Federal Reserve Chairman Ben Bernanke will weigh the risks and benefits of further stimulus at a meeting next Wednesday. At this point, the benefits seem slim and the risks uncertain.
NEW YORK (CNNMoney) -- Last week, Federal Reserve Chairman Ben Bernanke told lawmakers that the Fed stands ready to give the economy a boost, should the recovery continue to struggle.
Plus, any additional stimulus would come with some risks.
From vocal Fed critics, the most commonly cited danger is that the central bank's policies will eventually lead to higher inflation down the road.
Currently, much of the extra money the Fed has pushed into banks is just sitting there, not making it out to consumers and business. But if the economy starts recovering at a faster pace, that money could pour into the economy very quickly, igniting rapid inflation.
Bernanke has downplayed this threat, pointing out that inflation is currently running under the Fed's target of 2% a year. Wages are not rising rapidly and demand for credit is weak. Home prices remain near nine-year lows.
But should the economy start improving, inflation hawks still fear the Fed will be too late to take away the punchbowl.
Another frequent concern is that the central bank will be too late to tighten the reins once the economy starts to pick up more momentum.
If the Fed finds itself chasing after rapidly rising prices, it will have to start raising the federal funds rate quickly. The central bank's key tool for influencing the economy, the federal funds rate is the interest rate banks charge one another for overnight loans. It influences everything from mortgage rates and auto loans, to the interest rate on savings accounts.
"The danger is that the Fed might have to act very quickly and raise rates dramatically if people start to spend again and banks start to lend again," said Dean Croushore, chair of economics at the University of Richmond and a former Fed economist.
"The more fuel they throw on the fire now, the higher interest rates will have to rise later," he said.
Another way to control inflation that Bernanke has mentioned is to raise the rate on bank reserves. Doing so could entice banks to store more of their excess funds at the Fed instead of lending it out, and slow the pace of money flowing into the economy.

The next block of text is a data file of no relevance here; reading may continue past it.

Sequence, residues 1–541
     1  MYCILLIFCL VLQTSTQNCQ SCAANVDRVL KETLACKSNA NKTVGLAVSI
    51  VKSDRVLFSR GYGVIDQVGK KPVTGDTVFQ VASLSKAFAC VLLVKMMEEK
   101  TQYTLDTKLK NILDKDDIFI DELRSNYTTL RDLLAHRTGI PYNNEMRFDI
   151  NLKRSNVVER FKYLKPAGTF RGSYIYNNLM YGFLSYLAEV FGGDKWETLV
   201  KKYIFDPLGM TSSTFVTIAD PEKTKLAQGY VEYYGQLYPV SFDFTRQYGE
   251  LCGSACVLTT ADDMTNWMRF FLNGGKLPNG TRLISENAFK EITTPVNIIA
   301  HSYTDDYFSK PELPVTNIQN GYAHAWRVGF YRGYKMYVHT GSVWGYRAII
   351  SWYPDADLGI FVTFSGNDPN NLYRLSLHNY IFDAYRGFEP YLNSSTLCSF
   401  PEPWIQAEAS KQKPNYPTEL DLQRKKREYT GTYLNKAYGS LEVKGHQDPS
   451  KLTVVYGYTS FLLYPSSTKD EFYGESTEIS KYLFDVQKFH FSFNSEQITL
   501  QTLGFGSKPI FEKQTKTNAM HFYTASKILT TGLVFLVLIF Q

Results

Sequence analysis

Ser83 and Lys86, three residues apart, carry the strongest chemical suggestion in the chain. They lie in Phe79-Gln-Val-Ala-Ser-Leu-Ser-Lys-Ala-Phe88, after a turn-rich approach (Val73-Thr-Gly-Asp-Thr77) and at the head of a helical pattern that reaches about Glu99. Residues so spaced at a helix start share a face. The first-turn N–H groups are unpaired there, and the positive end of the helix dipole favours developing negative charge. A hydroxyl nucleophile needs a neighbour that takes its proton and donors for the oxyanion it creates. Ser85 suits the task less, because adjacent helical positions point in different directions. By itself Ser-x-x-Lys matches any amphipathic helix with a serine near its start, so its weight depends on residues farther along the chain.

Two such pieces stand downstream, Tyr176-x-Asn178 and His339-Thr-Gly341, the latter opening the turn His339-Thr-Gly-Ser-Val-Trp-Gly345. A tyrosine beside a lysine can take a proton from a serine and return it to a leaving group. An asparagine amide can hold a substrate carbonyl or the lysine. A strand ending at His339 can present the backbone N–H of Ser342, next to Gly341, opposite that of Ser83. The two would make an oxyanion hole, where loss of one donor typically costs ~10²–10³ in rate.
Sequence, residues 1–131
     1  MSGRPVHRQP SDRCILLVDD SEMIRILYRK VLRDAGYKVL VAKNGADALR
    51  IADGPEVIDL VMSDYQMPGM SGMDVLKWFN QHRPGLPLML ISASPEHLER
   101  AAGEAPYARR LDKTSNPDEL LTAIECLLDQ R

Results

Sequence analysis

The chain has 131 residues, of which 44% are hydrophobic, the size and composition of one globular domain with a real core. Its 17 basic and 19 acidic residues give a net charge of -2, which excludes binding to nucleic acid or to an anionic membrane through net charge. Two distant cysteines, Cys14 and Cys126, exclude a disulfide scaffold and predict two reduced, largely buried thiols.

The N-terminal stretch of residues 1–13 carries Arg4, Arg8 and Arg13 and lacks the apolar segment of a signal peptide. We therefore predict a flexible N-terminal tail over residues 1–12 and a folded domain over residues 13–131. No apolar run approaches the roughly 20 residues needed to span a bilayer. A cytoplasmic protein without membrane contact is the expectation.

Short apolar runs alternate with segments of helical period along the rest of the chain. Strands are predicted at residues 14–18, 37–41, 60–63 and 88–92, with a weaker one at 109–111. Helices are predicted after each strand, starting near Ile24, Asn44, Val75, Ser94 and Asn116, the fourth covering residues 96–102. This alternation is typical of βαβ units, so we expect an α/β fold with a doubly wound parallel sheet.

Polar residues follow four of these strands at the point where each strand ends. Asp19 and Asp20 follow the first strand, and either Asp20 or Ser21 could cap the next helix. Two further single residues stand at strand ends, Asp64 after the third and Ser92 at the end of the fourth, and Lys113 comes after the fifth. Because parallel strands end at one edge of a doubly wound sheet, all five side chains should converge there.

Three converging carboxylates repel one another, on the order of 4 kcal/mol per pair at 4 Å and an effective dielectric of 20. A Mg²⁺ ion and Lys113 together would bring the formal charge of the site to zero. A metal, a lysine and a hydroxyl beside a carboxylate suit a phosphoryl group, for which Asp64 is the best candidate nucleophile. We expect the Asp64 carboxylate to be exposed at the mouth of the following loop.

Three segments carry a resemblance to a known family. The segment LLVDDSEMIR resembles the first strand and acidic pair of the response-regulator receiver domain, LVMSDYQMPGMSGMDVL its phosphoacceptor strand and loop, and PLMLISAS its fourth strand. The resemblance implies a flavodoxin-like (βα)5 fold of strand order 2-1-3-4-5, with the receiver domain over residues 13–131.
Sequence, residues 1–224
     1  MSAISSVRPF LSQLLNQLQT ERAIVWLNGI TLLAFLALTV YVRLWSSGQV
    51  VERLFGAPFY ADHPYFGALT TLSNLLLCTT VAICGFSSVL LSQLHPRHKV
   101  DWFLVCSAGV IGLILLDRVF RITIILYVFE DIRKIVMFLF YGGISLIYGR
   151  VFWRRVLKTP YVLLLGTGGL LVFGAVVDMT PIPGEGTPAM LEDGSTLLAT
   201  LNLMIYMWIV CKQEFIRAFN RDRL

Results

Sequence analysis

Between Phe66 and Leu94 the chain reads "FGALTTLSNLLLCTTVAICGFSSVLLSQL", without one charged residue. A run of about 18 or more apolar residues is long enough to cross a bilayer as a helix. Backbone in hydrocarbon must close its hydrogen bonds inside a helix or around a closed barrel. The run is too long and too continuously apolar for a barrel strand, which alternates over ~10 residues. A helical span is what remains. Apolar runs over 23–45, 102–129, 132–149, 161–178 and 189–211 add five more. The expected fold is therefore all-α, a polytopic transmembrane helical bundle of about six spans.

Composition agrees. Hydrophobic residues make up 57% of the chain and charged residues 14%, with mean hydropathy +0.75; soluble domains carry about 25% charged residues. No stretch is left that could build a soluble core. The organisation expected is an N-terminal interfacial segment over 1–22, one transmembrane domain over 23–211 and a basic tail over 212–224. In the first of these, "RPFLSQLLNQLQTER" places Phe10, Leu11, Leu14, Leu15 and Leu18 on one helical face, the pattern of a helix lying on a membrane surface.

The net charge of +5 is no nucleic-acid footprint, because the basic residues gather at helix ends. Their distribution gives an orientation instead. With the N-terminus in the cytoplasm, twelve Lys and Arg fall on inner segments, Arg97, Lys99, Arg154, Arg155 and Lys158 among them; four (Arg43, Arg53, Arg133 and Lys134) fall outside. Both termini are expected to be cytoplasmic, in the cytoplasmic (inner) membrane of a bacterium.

One of the most common next steps discussed by Fed officials, is for the central bank to initiate a third round of large-scale asset purchases, known as quantitative easing or QE3.
The program could come in the form of buying more Treasuries, mortgage-backed securities or some combination of both.
The Fed itself has admitted that buying Treasuries comes with some dangers. The central bank already has a large presence in the bond market, accounting for $1.7 trillion in Treasuries. (In comparison, China owns about $1.2 trillion in Treasuries, and Japan owns about $1.1 trillion.)
As the Fed buys more bonds, economists are unsure of how the central bank will ever be able to wind down those purchases. It's possible the uncertainty could scare off other large bond buyers, like China and Japan, said Jeffrey Bergstrand, finance professor at the University of Notre Dame and a former Federal Reserve economist.
Should interest rates rise rapidly later, those foreign buyers stand much too lose on their investments.
"The Fed has this huge balance sheet and they don't quite know how to unwind all those securities down the road. That creates an uncertainty to foreign central banks and investors that are holding any kind of instrument with a U.S. label on it," said Bergstrand. "You never know when China and Japan are going to say 'we don't want to hold this stuff' and those things can turn on a dime."
Some argue that with rates already hovering near zero, any action by the Fed will have little to no effect on the economy.
"The biggest risk is, it doesn't work, and the market concludes the Fed is losing its impact." said Eric Lascelles, chief economist for RBC Global Asset Management.
In addition to more asset purchases, Bernanke has laid out a few other options for stimulus, but those too could have limited results.
For instance, the Fed could tell the public that it plans to keep interest rates near zero until at least 2015, extending its guidance from its current 2014 forecast.
But it would be hard to make such a pledge convincing, given that the policymaking committee will reshuffle its roster several times before then. The Fed risks losing its own credibility.
Another option entails cutting the interest rate the Fed pays banks on their excess reserves. The Fed currently offers banks a 0.25% rate to keep their extra cash at the central bank. Lowering that rate could get banks to put those funds to another use somewhere else in the economy.
Since banks already have massive reserves and that has yet to jumpstart consumer spending, the policy seems unlikely to make a real difference.
"No matter what the Fed does right now, it will have little impact on both interest rates and the economy," Bergstrand said. "We spend an enormous amount of time discussing these things, but they really don't matter right now."
The Fed's next opportunity to act comes on Wednesday, when its policymaking committee meets behind closed doors.
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